Failed Westin Proposal Raises Questions for Future Development in Clayton

“But now residents can rest easy.” That is at least if they enjoy a vacant storefront and surface parking lot. The proposal for a 245-room Westin Hotel at Maryland and Central Avenues in Clayton is dead. First proposed in 2007, the tower and retail/parking structure on the north side of Maryland had been redesigned several times. Graybar has now purchased the site, but has no current plans to develop the site. The Post-Dispatch has a good write-up. Toronto Cialis

“But now residents can rest easy.” That is at least if they enjoy a vacant storefront and surface parking lot. The proposal for a 245-room Westin Hotel at Maryland and Central Avenues in Clayton is dead. First proposed in 2007, the tower and retail/parking structure on the north side of Maryland had been redesigned several times. Graybar has now purchased the site, but has no current plans to develop the site. The Post-Dispatch has a good write-up.

Ultimately the project was the victim of a down economy as the property went into foreclosure and was available to purchase, but Graybar, whose headquarters sits to the west, and nearby residents were happy to do their part. It would seem that Graybar enjoys 1980 Clayton and so do many residents. I always enjoy/cringe at the irony of those who build mid-rise towers in place of low-rise and then complain that anything higher would be inappropriate.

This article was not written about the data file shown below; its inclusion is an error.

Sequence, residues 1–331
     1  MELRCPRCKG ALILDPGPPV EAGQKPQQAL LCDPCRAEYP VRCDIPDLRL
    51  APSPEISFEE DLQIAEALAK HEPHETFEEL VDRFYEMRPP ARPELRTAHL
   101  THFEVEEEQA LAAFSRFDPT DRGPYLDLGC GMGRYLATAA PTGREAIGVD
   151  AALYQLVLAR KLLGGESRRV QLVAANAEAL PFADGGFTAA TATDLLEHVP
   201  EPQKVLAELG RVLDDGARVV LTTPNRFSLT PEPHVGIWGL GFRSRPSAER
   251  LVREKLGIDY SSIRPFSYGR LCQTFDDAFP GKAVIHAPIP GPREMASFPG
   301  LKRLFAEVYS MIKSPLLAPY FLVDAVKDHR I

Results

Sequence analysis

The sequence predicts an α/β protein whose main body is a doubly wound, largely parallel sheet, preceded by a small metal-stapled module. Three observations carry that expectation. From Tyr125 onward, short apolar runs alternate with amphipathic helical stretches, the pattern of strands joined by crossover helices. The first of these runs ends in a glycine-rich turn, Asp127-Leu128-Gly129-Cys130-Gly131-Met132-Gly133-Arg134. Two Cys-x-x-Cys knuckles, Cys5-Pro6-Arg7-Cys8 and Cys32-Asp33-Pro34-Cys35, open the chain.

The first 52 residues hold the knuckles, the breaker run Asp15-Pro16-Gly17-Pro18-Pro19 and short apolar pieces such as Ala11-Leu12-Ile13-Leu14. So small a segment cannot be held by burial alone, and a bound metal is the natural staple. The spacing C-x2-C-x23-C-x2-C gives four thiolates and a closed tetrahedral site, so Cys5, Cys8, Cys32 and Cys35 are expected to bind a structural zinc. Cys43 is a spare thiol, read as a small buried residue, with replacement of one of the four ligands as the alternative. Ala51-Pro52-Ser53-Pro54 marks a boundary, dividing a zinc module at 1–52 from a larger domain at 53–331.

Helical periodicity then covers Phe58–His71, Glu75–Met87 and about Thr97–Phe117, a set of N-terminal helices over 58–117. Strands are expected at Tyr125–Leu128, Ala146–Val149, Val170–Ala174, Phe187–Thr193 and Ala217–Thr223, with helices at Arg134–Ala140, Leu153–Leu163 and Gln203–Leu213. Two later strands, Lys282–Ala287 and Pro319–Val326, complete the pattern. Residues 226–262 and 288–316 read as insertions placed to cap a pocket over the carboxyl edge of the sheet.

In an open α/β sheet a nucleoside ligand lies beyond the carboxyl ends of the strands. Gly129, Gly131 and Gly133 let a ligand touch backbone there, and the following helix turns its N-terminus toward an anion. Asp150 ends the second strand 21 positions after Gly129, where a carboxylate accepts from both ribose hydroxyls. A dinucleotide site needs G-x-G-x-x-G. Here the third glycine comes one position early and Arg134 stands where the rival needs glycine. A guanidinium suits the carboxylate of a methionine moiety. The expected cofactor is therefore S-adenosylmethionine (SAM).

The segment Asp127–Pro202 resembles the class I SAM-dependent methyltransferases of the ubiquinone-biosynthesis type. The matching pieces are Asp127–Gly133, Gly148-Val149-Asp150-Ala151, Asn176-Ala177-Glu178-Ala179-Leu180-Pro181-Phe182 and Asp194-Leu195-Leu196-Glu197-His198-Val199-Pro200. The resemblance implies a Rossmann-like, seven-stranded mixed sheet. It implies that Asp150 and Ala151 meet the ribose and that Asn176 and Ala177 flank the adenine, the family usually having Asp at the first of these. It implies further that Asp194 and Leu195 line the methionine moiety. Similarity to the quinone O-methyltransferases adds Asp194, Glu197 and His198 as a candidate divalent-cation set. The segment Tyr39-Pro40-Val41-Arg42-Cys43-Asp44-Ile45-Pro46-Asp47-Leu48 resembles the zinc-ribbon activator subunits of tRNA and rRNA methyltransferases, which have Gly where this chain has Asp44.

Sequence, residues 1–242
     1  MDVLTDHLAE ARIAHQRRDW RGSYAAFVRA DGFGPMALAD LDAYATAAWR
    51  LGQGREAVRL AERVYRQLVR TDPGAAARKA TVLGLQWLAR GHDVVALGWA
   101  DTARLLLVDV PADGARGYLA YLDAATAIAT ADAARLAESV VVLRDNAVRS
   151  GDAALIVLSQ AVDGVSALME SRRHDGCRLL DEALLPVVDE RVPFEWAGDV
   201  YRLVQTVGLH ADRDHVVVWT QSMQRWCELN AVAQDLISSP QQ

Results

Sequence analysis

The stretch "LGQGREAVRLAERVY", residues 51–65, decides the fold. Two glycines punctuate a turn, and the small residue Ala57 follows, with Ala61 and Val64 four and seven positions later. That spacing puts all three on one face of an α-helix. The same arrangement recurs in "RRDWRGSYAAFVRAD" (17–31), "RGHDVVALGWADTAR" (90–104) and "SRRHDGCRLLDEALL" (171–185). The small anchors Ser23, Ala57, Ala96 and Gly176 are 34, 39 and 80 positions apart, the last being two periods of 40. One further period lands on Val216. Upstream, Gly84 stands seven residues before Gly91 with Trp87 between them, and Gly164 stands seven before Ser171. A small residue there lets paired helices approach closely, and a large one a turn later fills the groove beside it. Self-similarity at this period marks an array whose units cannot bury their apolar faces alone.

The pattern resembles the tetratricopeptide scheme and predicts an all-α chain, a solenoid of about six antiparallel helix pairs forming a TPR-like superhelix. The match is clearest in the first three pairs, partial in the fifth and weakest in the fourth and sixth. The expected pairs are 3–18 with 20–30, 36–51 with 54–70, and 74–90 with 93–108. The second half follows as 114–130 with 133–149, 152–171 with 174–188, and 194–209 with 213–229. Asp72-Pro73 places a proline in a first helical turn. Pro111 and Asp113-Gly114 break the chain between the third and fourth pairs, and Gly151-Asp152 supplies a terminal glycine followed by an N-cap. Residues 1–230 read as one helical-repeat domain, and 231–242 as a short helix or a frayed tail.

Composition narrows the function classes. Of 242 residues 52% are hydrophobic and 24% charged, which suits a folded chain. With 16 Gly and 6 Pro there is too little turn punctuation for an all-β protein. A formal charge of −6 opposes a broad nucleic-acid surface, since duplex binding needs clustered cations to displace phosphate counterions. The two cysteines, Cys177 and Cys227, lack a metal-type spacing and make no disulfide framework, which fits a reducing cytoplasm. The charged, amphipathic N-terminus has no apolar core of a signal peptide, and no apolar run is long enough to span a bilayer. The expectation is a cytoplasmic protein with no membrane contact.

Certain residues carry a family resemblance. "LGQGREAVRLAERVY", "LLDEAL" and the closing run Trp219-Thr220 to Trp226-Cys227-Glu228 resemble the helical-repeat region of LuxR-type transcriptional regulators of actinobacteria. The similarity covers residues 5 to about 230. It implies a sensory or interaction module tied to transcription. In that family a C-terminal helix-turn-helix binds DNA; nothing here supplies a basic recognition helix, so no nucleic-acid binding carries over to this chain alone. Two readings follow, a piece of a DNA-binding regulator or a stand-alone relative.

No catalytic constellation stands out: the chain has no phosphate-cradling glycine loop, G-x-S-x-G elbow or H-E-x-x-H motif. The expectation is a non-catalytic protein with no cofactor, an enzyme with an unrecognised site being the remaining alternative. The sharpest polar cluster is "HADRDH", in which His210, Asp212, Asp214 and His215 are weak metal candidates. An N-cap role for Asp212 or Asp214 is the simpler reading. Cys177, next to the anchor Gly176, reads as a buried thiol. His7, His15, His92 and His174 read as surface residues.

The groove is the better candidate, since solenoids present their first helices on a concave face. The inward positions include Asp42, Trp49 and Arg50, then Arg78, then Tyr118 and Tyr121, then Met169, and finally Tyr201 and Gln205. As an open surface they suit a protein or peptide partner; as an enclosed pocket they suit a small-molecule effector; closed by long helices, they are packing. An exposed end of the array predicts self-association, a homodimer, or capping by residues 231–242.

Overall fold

Graybar opposed the development at city meetings, making the ridiculous argument that a large hotel and associated traffic would have endangered their 130 employees. Now that’s just stupid. Are they prepared to use the same argument against the nearby public library? It would appear that Clayton may be reaching a point of limited development as NIMBY’s backed by established businesses say enough is enough.

While projects such as Maryland Walk have added density, residents of the nine-story $73M Crescent fought to lower the height of the new Centene headquarters at Forsyth and Hanley in the central business district. Their argument boiled down to saying that they bought a residence counting on the fact that the view from their window would never change.

The Westin would have added density to a city that feels more like an office park than a downtown. The added (dangerous) traffic would have boosted demand for restaurant and retail options as well. The addition of development on the north side of Maryland would have been a very positive step toward making Maryland Avenue an attractive corridor instead of the dead edge of development.


{Maryland Walk and The Crescent developments in Clayton}

According to the Post-Dispatch, Lodging Hospitality Management, owner of the Seven Gables Inn has expressed an interest in expanding into the buildings which back up to their property facing Meramec Avenue. They would seek to expand from their current 32 rooms to 80 or 90. It would interesting to see how the two buildings may be tied together and the reuse of the current perfectly functional building would be welcome.

But what effect will Clayton NIMBYism have on future development? Will hotel growth be limited? Will the former Trianon condominium proposal ever return? If developments receive the knee-jerk “more traffic is dangerous” or “taller is worse” treatment, Clayton will stall. Looking for a silver lining? Perhaps that’s good news for the region’s first downtown.


{the various stages of proposed design – CORE10 Architecture, 2009}


{the site plan and rendering of retail/parking on north side of Maryland – CORE10 Architecture, 2009}

*top image courtesy CORE10 Architecture, 2009/Bob Watel